Nearly half of Florida's population excluded from state crime data
Yes, but: Nearly half of the state's population is excluded from 2021 crime figures estimated by the Florida Department of Law Enforcement (FDLE), according to data provided to Axios by The Marshall Project, a nonprofit newsroom covering criminal justice.
- Florida's participation rate in the FBI's national data collection is also the lowest of any state in the country.
Why it matters: The data gap means it's nearly impossible to compare Florida's crime rate to other states or current crime statistics with data from past years.
Catch up quick: The gap, in part, is a result of the FBI's decision in recent years to retire its nearly century-old national crime data collection program and switch to the National Incident-Based Reporting System.
- FDLE told The Marshall Project it had to use estimates because some local agencies are still using the old system while others have transitioned to the new one.
- For instance, none of Hernando County's population was included in FDLE's 2021 crime report. A spokesperson for the county sheriff's office said the agency had reported data through the FBI's new system.
- Meanwhile, Citrus and Polk counties' populations are 100% represented in Florida's 2021 crime data, but neither county gave data to the FBI using the new system.
Zoom in: It's not just the governor who's using the incomplete data. Hillsborough's top prosecutor, Suzy Lopez, said the county is "safer today than it used to be in just under one year" as she filed paperwork last week seeking a full term.
- Her office did not say what data or evidence informed her statement. Instead, spokesperson Erin Maloney noted changes Lopez's office has made, including prosecuting "more juveniles as adults for dangerous firearm-related crimes."
Meanwhile, Hillsborough County is not fully reflected in any dataset. Less than 5% of the county's population is covered in FDLE's 2021 crime report, per The Marshall Project, and the county sheriff's office hasn't submitted data to the FBI, either.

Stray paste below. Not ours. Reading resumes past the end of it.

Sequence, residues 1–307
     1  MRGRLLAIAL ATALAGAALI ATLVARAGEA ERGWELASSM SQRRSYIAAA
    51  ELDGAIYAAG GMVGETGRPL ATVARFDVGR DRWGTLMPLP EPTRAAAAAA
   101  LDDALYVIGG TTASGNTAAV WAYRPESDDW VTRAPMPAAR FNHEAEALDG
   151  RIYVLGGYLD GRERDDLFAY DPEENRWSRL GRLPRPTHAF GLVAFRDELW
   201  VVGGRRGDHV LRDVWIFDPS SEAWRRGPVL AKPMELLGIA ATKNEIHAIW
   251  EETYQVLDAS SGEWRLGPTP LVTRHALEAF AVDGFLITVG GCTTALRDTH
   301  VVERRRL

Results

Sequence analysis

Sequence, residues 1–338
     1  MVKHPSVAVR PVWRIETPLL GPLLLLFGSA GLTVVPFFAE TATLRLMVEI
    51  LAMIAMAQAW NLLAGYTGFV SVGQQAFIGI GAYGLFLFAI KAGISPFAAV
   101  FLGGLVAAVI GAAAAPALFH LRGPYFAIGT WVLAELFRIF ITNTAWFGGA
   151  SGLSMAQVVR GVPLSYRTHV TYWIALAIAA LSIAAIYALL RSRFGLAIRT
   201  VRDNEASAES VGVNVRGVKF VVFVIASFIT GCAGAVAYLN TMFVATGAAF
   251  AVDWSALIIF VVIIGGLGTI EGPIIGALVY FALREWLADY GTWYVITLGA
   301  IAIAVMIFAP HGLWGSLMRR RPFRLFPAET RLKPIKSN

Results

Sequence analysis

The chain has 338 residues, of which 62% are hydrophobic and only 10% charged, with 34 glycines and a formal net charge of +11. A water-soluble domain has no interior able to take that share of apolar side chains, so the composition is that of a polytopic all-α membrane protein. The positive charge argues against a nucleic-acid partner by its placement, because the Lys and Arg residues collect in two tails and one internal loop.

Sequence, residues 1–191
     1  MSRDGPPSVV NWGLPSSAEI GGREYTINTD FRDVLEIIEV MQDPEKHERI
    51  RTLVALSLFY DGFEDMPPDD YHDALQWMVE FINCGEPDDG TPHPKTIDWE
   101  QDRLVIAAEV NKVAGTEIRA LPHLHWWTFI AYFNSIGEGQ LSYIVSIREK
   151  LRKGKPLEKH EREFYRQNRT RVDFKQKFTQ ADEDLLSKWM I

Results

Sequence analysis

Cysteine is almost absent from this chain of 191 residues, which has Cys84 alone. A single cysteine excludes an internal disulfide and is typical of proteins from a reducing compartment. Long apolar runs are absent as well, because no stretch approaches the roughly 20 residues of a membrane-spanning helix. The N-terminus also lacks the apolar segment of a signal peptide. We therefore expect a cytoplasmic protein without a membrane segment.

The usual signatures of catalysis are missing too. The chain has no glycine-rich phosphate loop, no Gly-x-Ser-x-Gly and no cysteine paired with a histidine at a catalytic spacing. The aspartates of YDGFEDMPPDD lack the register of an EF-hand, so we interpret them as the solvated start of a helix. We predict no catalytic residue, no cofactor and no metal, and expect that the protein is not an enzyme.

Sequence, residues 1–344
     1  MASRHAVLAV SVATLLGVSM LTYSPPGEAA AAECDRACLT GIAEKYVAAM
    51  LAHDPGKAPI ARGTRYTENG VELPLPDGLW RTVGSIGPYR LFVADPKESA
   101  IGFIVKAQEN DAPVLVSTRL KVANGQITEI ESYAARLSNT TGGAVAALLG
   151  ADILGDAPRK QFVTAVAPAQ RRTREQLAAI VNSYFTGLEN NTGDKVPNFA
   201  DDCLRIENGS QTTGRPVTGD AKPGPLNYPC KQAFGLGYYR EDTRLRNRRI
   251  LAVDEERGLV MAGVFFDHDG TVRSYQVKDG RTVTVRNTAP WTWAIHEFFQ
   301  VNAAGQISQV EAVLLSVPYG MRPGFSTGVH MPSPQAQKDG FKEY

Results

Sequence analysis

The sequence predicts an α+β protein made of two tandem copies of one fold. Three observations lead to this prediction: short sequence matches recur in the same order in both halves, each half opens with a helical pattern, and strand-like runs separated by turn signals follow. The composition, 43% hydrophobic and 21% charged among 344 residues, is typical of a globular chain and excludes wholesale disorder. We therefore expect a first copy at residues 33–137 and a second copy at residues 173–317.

- Spokesperson Amanda Granit told Axios the department transitioned to the new system, but it stopped submitting data two years ago after noticing discrepancies between what it reported and what appeared on the state's dashboard.
- Once the state fixes the mistakes, the sheriff's office will resume data submission, Granit said.
What they're saying: "Relying on the incomplete data to say that crime recently went down is disingenuous," Lyndsay Boggess, a criminology professor at the University of South Florida, told Axios.
- Andrew Warren, who DeSantis ousted and replaced with Lopez, arrived at a similar conclusion in remarks to The Marshall Project. "When there's no data, it gives people the license to say whatever they want," he said.
The other side: The governor's office did not answer The Marshall Project's questions about the reporting gap and referred the outlet to FDLE, which said its methodology is "statistically sound" and "accurately represents" Florida's crime rate.
Of note: Florida's crime trends align with the national one, The Marshall Project reports. Even though current crime data can't be compared to years past, the state’s overall crime rate was on a downward trend before 2021.
The bottom line: Hillsborough, Pasco and Pinellas counties are among a number of Tampa Bay agencies that did not submit crime data to the FBI in the last two years.
- Reasons for the lack of adoption of the new system vary. FDLE told The Marshall Project the state expects counties to fully transition in the coming years. Until then, the department will continue to rely on estimates to close the reporting gap in its annual crime report.
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